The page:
Personal Freedom

Apple’s Privacy Blunder Highlights the Need for Legal Protections

How would you feel if a stranger pawed through the photos on your iPhone? What about if they read your iMessages?

The answer is probably, “Not great.” That is, however, exactly what Apple has announced it will begin to do. Any time a user uploads photos to the iCloud service, Apple will compare the files to a blacklist to make sure it’s not child pornography.

Let’s get this out up front — child pornography is a despicable blight and should be treated as such. It is possible, however, to think that child pornography is bad and that Apple has made a terrible mistake in implementing this feature. It’s a bad idea for multiple reasons.

The thing about access to individuals’ data is that it isn’t actually possible to make it accessible to only one party. If Apple can screen your data, regardless of their intentions, so can malicious actors and the surveillance state apparatus. All access points to a person’s data are weak points for unauthorized intrusion. The more access points there are, the weaker the overall security is. An access point explicitly designed to be used without the data owner’s knowledge or permission isn’t simply like leaving the doors to your house unlocked. It’s like leaving the doors open before leaving on vacation and then publicly posting about it on social media.

If Apple can implement a program to look for particular strings of data, called hashes, to make sure it’s not on the naughty list, it can look for any kind of hash data. Today, it’s child pornography. Tomorrow, it could very well be anything the government or the public or even just Apple management deems objectionable.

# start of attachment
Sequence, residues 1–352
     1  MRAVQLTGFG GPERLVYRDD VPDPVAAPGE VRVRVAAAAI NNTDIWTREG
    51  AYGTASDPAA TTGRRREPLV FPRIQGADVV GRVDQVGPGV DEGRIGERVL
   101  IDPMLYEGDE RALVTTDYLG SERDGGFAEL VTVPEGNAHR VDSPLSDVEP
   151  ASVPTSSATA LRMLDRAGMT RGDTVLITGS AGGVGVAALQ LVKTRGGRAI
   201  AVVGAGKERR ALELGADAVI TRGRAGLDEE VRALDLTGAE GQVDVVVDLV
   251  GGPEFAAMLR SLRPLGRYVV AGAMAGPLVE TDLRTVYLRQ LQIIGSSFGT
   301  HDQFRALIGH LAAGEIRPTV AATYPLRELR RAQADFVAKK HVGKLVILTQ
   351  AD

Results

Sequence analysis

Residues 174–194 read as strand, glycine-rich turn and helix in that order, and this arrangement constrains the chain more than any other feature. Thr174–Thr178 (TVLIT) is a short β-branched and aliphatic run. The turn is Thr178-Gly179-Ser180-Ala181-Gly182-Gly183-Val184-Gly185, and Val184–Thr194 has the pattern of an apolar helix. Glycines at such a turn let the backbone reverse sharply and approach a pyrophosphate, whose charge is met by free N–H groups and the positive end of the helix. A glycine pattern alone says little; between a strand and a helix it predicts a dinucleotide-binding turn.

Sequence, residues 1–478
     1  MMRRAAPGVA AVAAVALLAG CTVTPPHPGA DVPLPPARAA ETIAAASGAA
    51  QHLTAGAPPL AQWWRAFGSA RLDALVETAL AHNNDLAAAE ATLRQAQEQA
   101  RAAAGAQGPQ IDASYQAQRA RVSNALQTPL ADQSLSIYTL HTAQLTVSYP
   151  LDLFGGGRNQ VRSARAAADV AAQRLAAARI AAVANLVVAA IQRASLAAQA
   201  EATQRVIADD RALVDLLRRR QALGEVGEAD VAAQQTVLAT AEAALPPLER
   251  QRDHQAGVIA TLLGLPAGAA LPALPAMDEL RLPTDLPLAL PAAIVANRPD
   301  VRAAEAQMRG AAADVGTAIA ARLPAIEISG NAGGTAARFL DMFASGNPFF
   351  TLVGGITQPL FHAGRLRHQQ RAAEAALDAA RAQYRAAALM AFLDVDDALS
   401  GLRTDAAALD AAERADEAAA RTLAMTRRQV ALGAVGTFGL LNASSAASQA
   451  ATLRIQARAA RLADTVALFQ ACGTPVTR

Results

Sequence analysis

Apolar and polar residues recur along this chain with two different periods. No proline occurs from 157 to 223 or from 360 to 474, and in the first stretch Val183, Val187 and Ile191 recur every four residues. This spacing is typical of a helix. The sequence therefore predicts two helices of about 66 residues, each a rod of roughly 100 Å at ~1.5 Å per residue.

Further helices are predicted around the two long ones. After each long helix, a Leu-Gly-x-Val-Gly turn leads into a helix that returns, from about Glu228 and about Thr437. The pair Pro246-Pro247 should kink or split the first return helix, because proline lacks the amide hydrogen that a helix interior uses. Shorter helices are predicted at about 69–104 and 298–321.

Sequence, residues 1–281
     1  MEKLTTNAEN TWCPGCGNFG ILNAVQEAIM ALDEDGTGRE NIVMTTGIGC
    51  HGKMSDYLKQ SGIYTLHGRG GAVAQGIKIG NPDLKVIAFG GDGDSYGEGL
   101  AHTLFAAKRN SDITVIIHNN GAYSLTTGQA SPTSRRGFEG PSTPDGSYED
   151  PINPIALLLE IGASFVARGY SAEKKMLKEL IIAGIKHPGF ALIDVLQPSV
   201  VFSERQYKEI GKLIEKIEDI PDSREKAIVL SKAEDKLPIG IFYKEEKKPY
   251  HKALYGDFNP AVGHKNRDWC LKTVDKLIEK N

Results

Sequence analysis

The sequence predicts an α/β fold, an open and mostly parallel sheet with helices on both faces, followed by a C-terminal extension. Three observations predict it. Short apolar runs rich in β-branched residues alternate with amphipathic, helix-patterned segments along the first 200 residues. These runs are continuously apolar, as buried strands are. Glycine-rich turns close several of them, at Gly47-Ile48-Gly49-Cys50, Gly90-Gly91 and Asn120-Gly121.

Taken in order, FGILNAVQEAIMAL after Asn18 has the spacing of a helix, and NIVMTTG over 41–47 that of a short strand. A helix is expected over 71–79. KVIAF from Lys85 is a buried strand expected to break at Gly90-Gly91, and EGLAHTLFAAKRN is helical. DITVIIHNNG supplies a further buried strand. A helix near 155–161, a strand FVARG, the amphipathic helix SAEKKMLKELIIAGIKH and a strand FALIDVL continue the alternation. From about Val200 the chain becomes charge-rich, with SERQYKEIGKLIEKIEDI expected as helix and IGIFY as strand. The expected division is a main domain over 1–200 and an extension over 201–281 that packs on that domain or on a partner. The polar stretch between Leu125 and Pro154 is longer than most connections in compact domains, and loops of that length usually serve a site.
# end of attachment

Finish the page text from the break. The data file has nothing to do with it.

Apple is a global company with global reach. While, in the past, the company has gone to great lengths to protect the privacy of its customers, both domestically and internationally, this current about-face sends a strong signal that it will no longer do that. It opens the door for gross human rights violations by those looking to stifle dissent or simply control behavior.

It isn’t only foreign governments that use surveillance to target people for reasons other than what was originally stated. The enormous US surveillance apparatus was developed to “fight terrorism” after 9/11. These days, it’s mostly used to prosecute completely unrelated crimes as a result of data rummaging, if there are any charges brought at all. It’s not a stretch to think Apple’s iCloud screening program could be used by government actors to check if a user has violated any of the literally innumerable federal laws on the books. 

While the number and scope of laws is a separate issue, giving government easier access to private data to prosecute one thing — that never stays just one thing — is never a good thing for individuals’ constitutionally protected right to be secure in their papers and effects. 

Yes, Apple is a private company, and their user agreements can, within some limits, be whatever they want it to be. Customers are free to either put up with it or to take their business elsewhere. The fact that Apple is using this screening program to check for actual criminal activity blurs that line between public and private actor, but customers are still able to stop using Apple products and services if they choose.

This entire situation does highlight the need for consumers to be aware of the risks they run with their data before deciding to entrust it to a third party as well as the need for robust guardrails for government agencies that want to access that data through the third party. 

Thankfully, Utah is taking digital privacy protection seriously. Libertas proposed model legislation on protecting privacy that became this year’s HB 243, sponsored by Rep. Francis Gibson, which sets up a review process for government use of technology that could potentially violate individuals’ privacy. This enables the Legislature to institute limits on and oversight for what may or may not be done with surveillance technology by government.

So much of our vital information is digital. Without robust protections for that data, we all run the risk of being constantly and comprehensively watched, measured against an unknowable list of what is and is not allowed. 

It’s a shame that Apple has discarded its principles regarding privacy, but that doesn’t mean the concept should be abandoned altogether.